NewsDesk @bactiman63

After more than two years of low incidence during the COVID-19 pandemic, an upsurge in invasive meningococcal infections (IMIs) has been observed in the 2022/23 season, Santé publique France reports.

Image/Robert Herriman

A peak in incidence was observed in December 2022, particularly during week 52/2022. This peak was early compared to the seasonal peak observed during the pre-pandemic seasons (peak between January and March depending on the season). During the first quarter of 2023, the number of IMI cases remained at a high level (especially in January and March) compared to the incidence observed in the same months during the pre-pandemic seasons.

The rebound of IMI is not an unexpected phenomenon after two years of low meningococcal circulation. Two hypotheses can be put forward to explain this marked resurgence of IMIs:

    • A higher risk of infection resulting from reduced immunity in the population having been less exposed to meningococci between 2020 and 2022 (barrier gestures, distancing);
    • A more marked season in connection with the scale of the epidemics of seasonal viral infections in 2022/23, in particular infections by the influenza virus, which can lead to a risk of invasive bacterial infection (meningococci, streptococci).

The situation is very contrasted on the territory according to the serogroups. Spatio-temporal groupings of IMI B have been identified in 2022 (Auvergne Rhône Alpes, Strasbourg) and local vaccination campaigns have been implemented among the population. These situations seem to be contained to date, but they are still being carefully monitored. These phenomena can occur randomly in connection with the emergence and local implantation of certain strains of meningococci, which requires very regular monitoring of epidemiological data.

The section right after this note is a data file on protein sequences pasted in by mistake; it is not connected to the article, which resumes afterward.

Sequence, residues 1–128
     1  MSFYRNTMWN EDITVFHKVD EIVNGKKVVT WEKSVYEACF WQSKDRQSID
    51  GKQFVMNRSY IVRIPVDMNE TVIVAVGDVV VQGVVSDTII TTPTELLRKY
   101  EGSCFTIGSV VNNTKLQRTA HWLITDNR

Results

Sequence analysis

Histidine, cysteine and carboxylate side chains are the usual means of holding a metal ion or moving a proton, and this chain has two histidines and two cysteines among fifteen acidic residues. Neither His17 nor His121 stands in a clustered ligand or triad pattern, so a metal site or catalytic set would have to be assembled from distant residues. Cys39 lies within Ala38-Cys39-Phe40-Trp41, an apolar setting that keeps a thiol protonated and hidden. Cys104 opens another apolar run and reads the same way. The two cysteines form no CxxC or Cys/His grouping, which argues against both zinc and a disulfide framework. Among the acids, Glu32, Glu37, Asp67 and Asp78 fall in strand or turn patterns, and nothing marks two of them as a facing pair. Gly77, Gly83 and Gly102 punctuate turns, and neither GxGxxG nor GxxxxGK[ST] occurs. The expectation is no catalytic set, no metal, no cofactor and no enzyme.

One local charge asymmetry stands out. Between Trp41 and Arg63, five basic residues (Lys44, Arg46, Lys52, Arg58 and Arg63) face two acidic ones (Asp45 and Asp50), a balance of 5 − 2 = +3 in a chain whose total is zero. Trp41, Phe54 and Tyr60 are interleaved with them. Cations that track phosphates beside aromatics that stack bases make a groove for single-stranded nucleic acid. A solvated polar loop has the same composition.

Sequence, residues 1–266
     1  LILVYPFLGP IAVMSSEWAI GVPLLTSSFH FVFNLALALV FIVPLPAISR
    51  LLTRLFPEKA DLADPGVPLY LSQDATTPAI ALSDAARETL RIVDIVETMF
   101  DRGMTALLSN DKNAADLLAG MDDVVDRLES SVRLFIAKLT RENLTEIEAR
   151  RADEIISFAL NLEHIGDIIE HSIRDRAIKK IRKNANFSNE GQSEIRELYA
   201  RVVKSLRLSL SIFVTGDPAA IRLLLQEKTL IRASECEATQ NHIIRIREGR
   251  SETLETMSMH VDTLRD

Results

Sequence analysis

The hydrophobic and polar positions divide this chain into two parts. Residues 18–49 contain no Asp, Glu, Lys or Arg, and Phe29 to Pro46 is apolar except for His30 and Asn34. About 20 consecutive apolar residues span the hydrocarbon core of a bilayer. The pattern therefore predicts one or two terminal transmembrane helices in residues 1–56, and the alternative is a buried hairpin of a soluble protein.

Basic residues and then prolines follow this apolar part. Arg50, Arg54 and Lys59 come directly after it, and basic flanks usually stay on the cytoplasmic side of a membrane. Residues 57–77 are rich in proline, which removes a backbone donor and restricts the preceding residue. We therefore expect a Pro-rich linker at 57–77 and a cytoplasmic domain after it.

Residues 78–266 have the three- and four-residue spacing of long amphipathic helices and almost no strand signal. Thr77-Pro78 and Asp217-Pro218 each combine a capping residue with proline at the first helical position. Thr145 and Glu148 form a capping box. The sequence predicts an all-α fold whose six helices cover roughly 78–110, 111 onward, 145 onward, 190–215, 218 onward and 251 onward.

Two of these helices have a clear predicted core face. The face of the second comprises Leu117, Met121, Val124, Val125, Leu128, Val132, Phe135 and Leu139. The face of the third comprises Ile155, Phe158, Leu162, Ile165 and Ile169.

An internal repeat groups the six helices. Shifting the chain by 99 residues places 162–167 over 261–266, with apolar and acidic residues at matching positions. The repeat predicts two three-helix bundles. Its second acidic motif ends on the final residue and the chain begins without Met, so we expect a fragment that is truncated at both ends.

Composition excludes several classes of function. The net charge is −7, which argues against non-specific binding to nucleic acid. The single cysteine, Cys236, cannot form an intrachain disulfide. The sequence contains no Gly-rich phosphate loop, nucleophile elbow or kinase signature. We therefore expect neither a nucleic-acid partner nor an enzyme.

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The rebound observed in the 2022-2023 season is a reminder of the importance of vaccinating infants to protect them against infections linked to serogroups B and C (recommendations recalled on the Vaccination Info Service website).

Public Health France is continuing to monitor IMIs in conjunction with its partners (ARS, CNR). This reactive surveillance allows the early detection of clusters of cases or unusual situations that can lead to the implementation of local vaccination campaigns in the event of a localized over-incidence.